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Food for Thought - Manna

The Lord‘s Prayer: "...as we forgive those who tresspass against us"

“…As we forgive those who trespass against us.”

We now move from the place of accepting and owning our forgiveness to focus our attention on those God is asking us to forgive. This petition of the Lord’s Prayer reminds one of the teachings of both Jesus and Paul regarding forgiveness, namely, that those who have truly been forgiven will in turn be serious about the business of forgiving others.

Jesus clearly presents this principle in the parable of the person who was forgiven much but was unwilling to forgive others (Mt 18:21-35), while Paul’s words in Ephesians 4:32; Be kind and compassionate to one another, forgiving each other, just as in Christ God forgave you” also convey this truth. So this month we will look at the topic of forgiveness. What does it mean and what does it not mean to forgive? I believe one of the problems that can cause us difficulties when it comes to forgiving others is a misunderstanding regard what forgiveness entails. We are not able to forgive like God forgives for we are not prefect in love and being. We can only forgive as we are able, which at best will be imperfect and limited, especially when compared to the depth and pervasiveness of God marvelous forgiveness. So, before we even begin, seek to own your own limitations when it comes to forgiveness. These limitations do not let us off the hook when it comes to forgiving others but will bring more realistic expectations to the process which can be very helpful, freeing and even empowering.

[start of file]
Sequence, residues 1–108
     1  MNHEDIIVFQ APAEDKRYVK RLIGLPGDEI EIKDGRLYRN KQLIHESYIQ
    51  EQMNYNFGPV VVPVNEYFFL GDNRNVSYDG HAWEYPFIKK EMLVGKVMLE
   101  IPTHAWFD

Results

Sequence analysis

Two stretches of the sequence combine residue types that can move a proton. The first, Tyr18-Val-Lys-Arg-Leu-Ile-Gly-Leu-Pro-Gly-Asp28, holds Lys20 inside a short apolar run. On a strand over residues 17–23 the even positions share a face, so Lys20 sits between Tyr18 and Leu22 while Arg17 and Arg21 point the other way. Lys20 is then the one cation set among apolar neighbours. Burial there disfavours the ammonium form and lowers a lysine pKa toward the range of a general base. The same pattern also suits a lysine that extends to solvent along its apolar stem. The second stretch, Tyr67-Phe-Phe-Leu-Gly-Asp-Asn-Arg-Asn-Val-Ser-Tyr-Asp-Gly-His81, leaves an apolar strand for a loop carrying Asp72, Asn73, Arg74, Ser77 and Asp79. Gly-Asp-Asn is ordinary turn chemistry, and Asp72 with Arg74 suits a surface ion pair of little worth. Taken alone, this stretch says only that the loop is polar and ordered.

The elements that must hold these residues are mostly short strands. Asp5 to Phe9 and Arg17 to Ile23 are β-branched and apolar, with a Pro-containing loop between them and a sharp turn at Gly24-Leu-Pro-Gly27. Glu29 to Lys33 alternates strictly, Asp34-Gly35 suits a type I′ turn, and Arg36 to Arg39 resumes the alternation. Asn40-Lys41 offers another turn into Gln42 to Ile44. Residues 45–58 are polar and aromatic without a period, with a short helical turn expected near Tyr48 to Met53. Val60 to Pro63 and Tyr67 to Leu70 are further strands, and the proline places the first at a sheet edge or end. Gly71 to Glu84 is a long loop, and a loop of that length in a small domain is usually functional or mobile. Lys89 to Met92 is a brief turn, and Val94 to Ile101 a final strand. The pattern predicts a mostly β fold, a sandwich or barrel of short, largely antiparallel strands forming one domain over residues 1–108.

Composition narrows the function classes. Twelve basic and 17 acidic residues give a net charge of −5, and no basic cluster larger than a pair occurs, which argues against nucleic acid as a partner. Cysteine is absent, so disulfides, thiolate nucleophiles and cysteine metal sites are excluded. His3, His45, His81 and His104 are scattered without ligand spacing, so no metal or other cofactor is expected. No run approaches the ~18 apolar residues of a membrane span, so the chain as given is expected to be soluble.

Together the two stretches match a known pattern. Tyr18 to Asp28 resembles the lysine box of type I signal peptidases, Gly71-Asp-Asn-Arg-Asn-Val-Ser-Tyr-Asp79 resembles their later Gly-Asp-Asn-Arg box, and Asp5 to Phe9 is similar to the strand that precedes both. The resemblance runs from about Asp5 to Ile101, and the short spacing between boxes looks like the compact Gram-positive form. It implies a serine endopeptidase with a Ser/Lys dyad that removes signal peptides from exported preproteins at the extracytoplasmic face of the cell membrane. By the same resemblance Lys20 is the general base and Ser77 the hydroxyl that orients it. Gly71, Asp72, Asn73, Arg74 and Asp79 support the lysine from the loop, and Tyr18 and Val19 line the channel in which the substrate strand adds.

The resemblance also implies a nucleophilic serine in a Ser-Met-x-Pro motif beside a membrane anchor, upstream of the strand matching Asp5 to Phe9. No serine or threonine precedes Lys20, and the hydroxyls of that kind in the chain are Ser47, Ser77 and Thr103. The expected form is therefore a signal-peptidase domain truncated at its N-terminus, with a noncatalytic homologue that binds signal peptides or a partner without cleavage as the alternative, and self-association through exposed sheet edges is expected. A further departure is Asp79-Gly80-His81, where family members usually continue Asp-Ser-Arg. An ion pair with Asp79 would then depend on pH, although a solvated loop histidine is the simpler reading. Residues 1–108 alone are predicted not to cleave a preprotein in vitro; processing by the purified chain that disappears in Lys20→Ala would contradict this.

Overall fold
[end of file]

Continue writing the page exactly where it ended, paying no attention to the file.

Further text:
Let’s get started!

What is your definition of forgiveness? This is not speaking of God’s forgiveness of you, but what is your definition of forgiveness in terms of you forgiving? What are and what are not components of forgiveness of another?

Your Definition:

Components that are part of forgiving another:

Components that are NOT part of forgiving another:

Before we can forgive we need to know what forgiveness is. PLEASE read through the following section slowly and prayerfully asking God to help you get a handle on what forgiveness is.

Forgiveness is:

Forgiveness involves the realization that you are more than a victim (but you are a victim).

Forgiveness is not an all-or-nothing proposition. It is a process. It is a journey.

Forgiving is reserved for serious betrayals and wrongs.

Forgiving is reserved for acts that are not acceptable and not justifiable.

Archbishop Desmond Tutu says, "Forgiveness is taking seriously the awfulness of what has happened when you are treated unfairly. Forgiveness is not pretending that things are other than the way they are."

Forgiveness welcomes but does not depend upon the repentance of the person who hurt you.

We can forgive in our hearts long before we may be able to verbalize the words "I forgive." We may or may not choose to express our forgiveness directly to the one who injured us, depending on our sense of the situation between that person and our self.

Forgiving opens the way for reconciliation (at least for the one who forgives), but does not necessarily lead to the restoration of the relationship.

Forgiving is a process that brings freedom and inner healing to the one who is doing the forgiving.

Forgiving does not require that the one being forgiven know that they are being forgiven, nor does it even require them even being alive.

Forgiveness takes place in the heart of the one forgiving regardless of the confession and repentance of the offending party.

Forgiveness involves naming the wrong suffered and the perpetrator of that wrong.

"Forgiveness does not equal forgetting. It is about healing the memory of the harm, not erasing it." Dr. Ken Hart, as quoted in Zest Magazine (UK), October 2000. The offense will still be part of your history, but it does not have to dominate or define your life.